“Bite-Size Bits of Local, National, and Global History”
“Bite-Size Bits of Local, National, and Global History”
Sol in Madrid, Spain

Monasterio de San Felipe

Monasterio de San Felipe Marker image. Click for full size.
Photographed By Andrew Ruppenstein, April 18, 2022
1. Monasterio de San Felipe Marker
En este lugar estuvo desde 1547 el Monasterio De San Felipe célebre por sus gradas o mentidero "de donde salían las nuevas primero que los sucesos"

(English translation:)

In this place from 1547 was the Monastery of San Felipe, famous for both its steps and the gossip there originating "from where the news came out before the events".

Erected 1991 by Ayuntamiento de Madrid.
Topics and series. This historical marker is listed in these topic lists: Churches & ReligionCommunications. In addition, it is included in the City of Madrid - "Yellow Diamond" series list. A significant historical year for this entry is 1547.
Location. 40° 24.99′ N, 3° 42.276′ W. Marker is in Madrid. It is in Sol. Marker is at the intersection of Calle Mayor and Plaza del Sol, on the left when traveling west on Calle Mayor. Touch for map. Marker is at or near this postal address: Calle Mayor 1, Madrid 28013, Spain. Touch for directions.
Other nearby markers. At least 8 other markers are within walking distance of this marker. Hans Christian Andersen (a few steps from this marker); Jorge Luis Borges (about 120 meters away, measured in a direct line); Ratón Pérez
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(about 120 meters away); "Amador" (about 120 meters away); Juan Gris (about 150 meters away); Real Academia Española / Royal Spanish Academy (approx. 0.2 kilometers away); María de Austria / Maria of Austria (approx. 0.3 kilometers away); "Frascuelo" (approx. 0.3 kilometers away). Touch for a list and map of all markers in Madrid.
Also see . . .
1. Monasterio de San Felipe (Memoria de Madrid). A short piece in Spanish on the Monastery
Excerpt (in translation): "In the Golden Age, the monumentality of the complex on the outside allowed it to house an unparalleled environment, both on the steep steps that went up to the Temple, raising it from street level, and in the space on the sides next to the street, which became commercial premises, especially booksellers and that the common people came to call "the covachuelas" of San Felipe. Many of the first editions of our twine-book classics were sold here.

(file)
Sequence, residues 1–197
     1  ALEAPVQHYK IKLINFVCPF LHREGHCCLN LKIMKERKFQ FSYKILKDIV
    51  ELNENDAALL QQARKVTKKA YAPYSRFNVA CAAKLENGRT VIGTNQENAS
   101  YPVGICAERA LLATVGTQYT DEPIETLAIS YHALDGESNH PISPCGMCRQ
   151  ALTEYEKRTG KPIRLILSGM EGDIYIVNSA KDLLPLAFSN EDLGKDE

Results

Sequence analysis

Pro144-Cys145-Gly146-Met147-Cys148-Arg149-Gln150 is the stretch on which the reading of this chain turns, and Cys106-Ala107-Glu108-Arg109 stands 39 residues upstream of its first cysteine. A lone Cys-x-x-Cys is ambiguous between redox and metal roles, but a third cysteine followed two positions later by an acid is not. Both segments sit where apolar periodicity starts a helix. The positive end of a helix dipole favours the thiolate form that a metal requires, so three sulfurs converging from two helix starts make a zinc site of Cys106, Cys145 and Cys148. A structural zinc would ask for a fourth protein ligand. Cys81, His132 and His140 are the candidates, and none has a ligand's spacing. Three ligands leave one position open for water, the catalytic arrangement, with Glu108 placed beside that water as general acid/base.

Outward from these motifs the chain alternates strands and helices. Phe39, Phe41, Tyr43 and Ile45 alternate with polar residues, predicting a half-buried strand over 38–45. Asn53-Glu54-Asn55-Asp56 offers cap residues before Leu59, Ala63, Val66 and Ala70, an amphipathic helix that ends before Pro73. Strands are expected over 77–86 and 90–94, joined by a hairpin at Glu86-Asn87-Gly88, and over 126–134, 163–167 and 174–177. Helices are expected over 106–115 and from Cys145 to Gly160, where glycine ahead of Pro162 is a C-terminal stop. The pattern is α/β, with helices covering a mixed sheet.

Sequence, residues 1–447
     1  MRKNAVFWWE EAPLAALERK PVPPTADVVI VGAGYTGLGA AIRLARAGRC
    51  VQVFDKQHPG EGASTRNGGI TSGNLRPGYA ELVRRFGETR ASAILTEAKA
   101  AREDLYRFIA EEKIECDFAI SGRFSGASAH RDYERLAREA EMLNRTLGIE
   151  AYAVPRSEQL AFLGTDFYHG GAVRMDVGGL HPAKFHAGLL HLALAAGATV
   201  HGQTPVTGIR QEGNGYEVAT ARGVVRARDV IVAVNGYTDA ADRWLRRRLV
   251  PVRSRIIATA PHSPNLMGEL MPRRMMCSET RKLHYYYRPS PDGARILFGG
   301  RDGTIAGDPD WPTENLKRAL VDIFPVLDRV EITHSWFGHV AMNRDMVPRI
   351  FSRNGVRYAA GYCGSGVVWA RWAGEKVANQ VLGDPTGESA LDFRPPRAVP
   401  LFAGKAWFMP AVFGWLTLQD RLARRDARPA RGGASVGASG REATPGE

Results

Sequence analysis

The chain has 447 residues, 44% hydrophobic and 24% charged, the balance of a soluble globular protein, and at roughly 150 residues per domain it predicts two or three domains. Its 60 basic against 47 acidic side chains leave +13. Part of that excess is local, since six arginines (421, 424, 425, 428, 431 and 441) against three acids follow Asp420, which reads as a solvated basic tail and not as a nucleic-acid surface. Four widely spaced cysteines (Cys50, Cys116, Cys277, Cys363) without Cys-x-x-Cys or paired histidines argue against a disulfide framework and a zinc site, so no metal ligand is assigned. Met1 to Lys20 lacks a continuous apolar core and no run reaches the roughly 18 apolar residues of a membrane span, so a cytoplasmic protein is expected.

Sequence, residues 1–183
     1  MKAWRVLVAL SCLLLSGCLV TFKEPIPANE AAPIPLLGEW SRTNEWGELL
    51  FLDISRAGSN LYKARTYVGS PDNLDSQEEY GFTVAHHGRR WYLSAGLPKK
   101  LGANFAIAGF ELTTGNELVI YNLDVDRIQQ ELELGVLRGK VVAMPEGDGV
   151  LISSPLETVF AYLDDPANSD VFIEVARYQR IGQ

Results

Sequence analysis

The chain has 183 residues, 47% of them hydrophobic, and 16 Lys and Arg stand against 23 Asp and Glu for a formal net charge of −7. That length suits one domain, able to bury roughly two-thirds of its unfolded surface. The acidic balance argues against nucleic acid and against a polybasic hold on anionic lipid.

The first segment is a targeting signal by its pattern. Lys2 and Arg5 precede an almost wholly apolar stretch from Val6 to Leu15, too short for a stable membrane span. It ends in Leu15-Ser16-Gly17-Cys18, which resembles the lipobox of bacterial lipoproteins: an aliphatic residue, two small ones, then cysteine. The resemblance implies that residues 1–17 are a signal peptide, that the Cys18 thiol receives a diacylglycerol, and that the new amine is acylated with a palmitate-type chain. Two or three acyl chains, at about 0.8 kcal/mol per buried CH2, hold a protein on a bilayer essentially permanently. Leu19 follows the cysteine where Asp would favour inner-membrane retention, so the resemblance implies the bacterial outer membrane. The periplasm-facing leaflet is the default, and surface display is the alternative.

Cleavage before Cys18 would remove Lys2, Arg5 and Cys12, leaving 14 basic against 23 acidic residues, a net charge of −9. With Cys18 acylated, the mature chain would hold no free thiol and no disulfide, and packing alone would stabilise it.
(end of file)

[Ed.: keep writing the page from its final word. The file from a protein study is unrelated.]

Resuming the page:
This place was so well located that it was a true viewpoint of urban life and desires. There they were “finding out” about everyone and everything. That is why Vélez de Guevara in "El diablo Cojuelo" says that "it is the gossip of the soldiers, from where the news comes out before the events", referring ironically
Monasterio de San Felipe Marker - wide view image. Click for full size.
Photographed By Andrew Ruppenstein, April 18, 2022
2. Monasterio de San Felipe Marker - wide view
The marker is visible here about 4 meters up, between the two shop windows.
to the speed with which the news even spread - and there the mockery - before it happened...."
(Submitted on May 7, 2022.) 

2. Convento de San Felipe el Real (Wikipedia).
Excerpt (with minor corrections): "During 16th century the convent had a strong walls to isolate the convent from life outside and the bustle of the Puerta del Sol. The construction of the facade by architect Juan Gutiérrez Toribio created a stepped surface that was called Lonja de San Felipe. Madrid's inhabitants gathered in this area to exchange news, rumors, calumnies, inventions, secrets and opinions. For this reason it was called the "mentidero" of Madrid. The steps of San Felipe (Las Gradas de San Felipe) were also a gathering place to recruit soldiers destined for the Spanish Netherlands during the War of Flanders. One day, due to the weight caused by the crush of people gathered on it to witness the imprisonment of a reprobate, the balcony of the lonja collapsed. The accident caused many deaths and injuries."
(Submitted on May 7, 2022.) 
<i>Las Gradas de San Felipe</i> image. Click for full size.
courtesy of Wikipedia, 1600s
3. Las Gradas de San Felipe
Credits. This page was last revised on February 2, 2023. It was originally submitted on May 7, 2022, by Andrew Ruppenstein of Lamorinda, California. This page has been viewed 71 times since then and 19 times this year. Photos:   1, 2, 3. submitted on May 7, 2022, by Andrew Ruppenstein of Lamorinda, California.

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May. 30, 2023